No ghosts at the breakfast table

India will not join the Regional Comprehensive Economic Partnership (RCEP) because neither Mahatma Gandhi’s talisman nor Narendra Modi’s conscience would permit the latter to sign it. Bless both. If only Modi had applied the same tests before the note-ban three winters ago!

Gandhi’s talisman, if you do not know, was a simple one. “Whenever you are in doubt (rarely with Modi), or when the self becomes too much with you (often with Modi), apply the following test. Recall the face of the poorest and the weakest man whom you may have seen, and ask yourself if the step you contemplate is going to be of any use to him.”

We do not know which poor wretch’s face Modi recalled in Bangkok. It would have been tough, particularly in the company of suited-booted diplomats who had been haggling with the ten ASEAN tigers and cubs and five Pacific sharks. All the same, Modi did it, and that calls for a few rounds of applause.

Proffered as the mother of all free-trade deals, with low or no tariff walls among the ten ASEANS and the rich Pacific five, the RCEP made great geopolitical and geoeconomic sense. A few partners are rich in resources, some in human skills, most in knowhow, and all in enterprise. Had India joined, it would have been the world’s largest trading block, consisting of half of the world’s population and a third of the world’s riches.

Well, that sounds much like what Lord Amherst, that forgotten governor-general of India, claimed two centuries ago. That “the emperor of China and I govern half of the human race and yet we find time for breakfast”.

The fact is, Modi would not have found time for breakfast if he had signed the RCEP. Chinese gadgets, New Zealand cheese and southeast Asian auto parts would have flooded the Indian market, sending tens of thousands of small businessmen into bankruptcy and many more farmers and cowherds to suicide. Not the faces of the poorest, but the ghosts of the poorest would have haunted the breakfast tables of Delhi’s rulers, much like Banquo’s ghost at Macbeth’s banquet.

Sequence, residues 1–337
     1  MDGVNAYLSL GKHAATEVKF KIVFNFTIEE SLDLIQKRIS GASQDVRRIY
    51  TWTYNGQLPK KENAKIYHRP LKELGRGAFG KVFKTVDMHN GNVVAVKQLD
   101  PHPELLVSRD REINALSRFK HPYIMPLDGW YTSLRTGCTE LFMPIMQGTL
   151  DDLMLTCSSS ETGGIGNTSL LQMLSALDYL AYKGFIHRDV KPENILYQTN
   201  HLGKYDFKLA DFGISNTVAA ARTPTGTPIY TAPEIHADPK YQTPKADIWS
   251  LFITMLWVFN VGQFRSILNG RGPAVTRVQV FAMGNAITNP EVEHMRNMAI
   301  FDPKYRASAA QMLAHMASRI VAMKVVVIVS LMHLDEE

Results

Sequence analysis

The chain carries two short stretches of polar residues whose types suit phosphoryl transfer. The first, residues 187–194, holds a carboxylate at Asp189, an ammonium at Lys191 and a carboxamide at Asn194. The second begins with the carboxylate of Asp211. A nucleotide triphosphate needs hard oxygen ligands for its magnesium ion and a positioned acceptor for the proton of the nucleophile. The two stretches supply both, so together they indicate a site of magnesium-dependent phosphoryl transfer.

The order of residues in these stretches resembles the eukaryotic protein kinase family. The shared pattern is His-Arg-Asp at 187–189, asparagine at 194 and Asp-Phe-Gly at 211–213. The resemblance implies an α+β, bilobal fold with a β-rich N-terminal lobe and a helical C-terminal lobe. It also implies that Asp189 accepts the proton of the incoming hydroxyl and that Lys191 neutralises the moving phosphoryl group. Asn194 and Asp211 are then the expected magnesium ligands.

Imaging: Bhaskaran Imaging: Bhaskaran

Many may wonder, why then did we engage in talks for full seven years if we knew it was gonna be a bad deal? The Congress and the BJP are having a free trade of charges over that. We have been telling Modi not to go for the deal, says the Congress. It was the Congress-led regime that started the talks, counters the BJP.

Both are right and wrong. There is no harm in engaging in talks and trying your best to snatch a fair bargain out of a bad deal. It was right on the part of Manmohan Singh to have explored the deal; it is also right on Modi’s part to have backed out when he found it was going to be a China-heavy gang-up.

Now what? Having found that we have little economic heft, our eastern neighbours will be lukewarm towards our Look East and Act East initiatives. Our diplomats will have to find newer ways of engaging them politically and strategically.

Tailpiece: Lord Amherst was the first modern Indian ruler who acted east. He annexed Assam and waged the first Anglo-Burmese war.

Amherst too had refused to kowtow to the Chinese. Earlier, as Britain’s envoy to China, he had refused to kowtow before the emperor, a ceremony which he considered degrading. His mission failed, but he returned with his country’s prestige intact.

On his return, he called on Napoleon, then living in British-forced exile in St Helena. There, Napoleon gave him a line which is still quoted by strategic pundits: “Let China sleep; when she wakes she will shake the world.”